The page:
Prince William is opening up about his bittersweet memories of Scotland.
On a recent trip to the country, the Duke of Cambridge, second in line to the British throne, said Scotland is the source of both his “happiest” and “saddest” memories, reports Yahoo! Entertainment.
“In short, Scotland is the source of some of my happiest memories, but also, my saddest,” said William, 38, on a Saturday visit to the General Assembly of the Church of Scotland to fill a new role appointed by his grandmother, Queen Elizabeth, as Lord High Commissioner.
Prince William went on to recall the time immediately after he learned of the death of his mother, Princess Diana, when he was 15 and his brother, Prince Harry, was 12. He specified how the country consoled him during the emotional aftermath.
"Still in shock, I found sanctuary in the service at Crathie Kirk that very morning," said William. "And in the dark days of grief that followed, I found comfort and solace in the Scottish outdoors. As a result, the connection I feel to Scotland will forever run deep."
During the speech, however, he also explained that Scotland was where he first met his wife, Kate Middleton, who joined him on his trip to the country that will also include stops in Edinburgh, Fife and Orkney to thanks healthcare workers who worked during COVID-19.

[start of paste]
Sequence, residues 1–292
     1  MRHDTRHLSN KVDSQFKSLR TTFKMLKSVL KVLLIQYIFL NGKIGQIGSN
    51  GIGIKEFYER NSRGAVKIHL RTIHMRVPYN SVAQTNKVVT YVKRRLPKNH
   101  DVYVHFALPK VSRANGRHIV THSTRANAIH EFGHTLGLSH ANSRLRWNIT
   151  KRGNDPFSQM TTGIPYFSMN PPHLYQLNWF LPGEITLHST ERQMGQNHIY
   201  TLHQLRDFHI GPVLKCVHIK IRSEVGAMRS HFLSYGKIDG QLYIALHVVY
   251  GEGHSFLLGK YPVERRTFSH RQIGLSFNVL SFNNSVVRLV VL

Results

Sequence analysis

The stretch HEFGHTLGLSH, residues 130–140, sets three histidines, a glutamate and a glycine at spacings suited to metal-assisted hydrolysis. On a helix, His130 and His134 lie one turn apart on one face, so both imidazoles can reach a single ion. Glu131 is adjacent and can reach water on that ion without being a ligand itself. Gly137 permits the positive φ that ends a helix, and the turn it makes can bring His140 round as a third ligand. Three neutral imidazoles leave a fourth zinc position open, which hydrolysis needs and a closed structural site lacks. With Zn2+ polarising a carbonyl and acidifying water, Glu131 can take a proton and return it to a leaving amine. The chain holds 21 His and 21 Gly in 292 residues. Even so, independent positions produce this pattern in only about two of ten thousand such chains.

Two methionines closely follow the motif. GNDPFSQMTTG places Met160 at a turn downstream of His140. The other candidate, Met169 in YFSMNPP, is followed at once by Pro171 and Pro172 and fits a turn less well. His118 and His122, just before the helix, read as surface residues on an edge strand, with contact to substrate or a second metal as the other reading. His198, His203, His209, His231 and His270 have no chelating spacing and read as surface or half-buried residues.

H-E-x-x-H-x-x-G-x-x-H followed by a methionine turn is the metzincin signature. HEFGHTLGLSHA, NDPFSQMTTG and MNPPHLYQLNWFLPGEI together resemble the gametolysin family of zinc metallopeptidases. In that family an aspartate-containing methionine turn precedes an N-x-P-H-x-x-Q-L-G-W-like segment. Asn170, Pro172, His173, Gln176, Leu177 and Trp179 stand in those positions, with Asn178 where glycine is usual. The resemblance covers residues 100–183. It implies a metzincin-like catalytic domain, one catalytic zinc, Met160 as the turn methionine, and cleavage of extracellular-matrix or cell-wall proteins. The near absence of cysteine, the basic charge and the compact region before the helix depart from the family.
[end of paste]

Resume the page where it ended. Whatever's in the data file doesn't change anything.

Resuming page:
“Alongside this painful memory is one of great joy because it was here in Scotland, 20 years ago this year, that I first met Catherine,” the royal said, per BBC.
"Needless to say the town where you meet your future wife holds a very special place in your heart."
William and Middleton met while they were both students at the University of St. Andrews in Fife.
“I spent four very happy and formative years studying in St. Andrews. The town and the students left me alone to get on with student life, allowing me to share their freedoms — and their pubs,” he quipped.
Like his brother, Prince Harry is also opening up about how he coped with the death of his mother Diana.
In Prince Harry’s upcoming Oprah-produced, Apple TV+ documentary series on mental health, “The Me You Don’t See,” Harry admits that he turned to drugs and drinking to cope with Diana’s death during a “nightmare time” in his life.
“I would probably drink a week's worth in one day on a Friday or a Saturday night. And I would find myself drinking not because I was enjoying it, but because I was trying to mask something… I was willing to drink, I was willing to take drugs, I was willing to try and do the things that made me feel less like I was feeling," Harry tells Winfrey in the special.
He added that panic attacks and severe anxiety came into play also. "28 to probably 32 was a nightmare time in my life," the former royal says.
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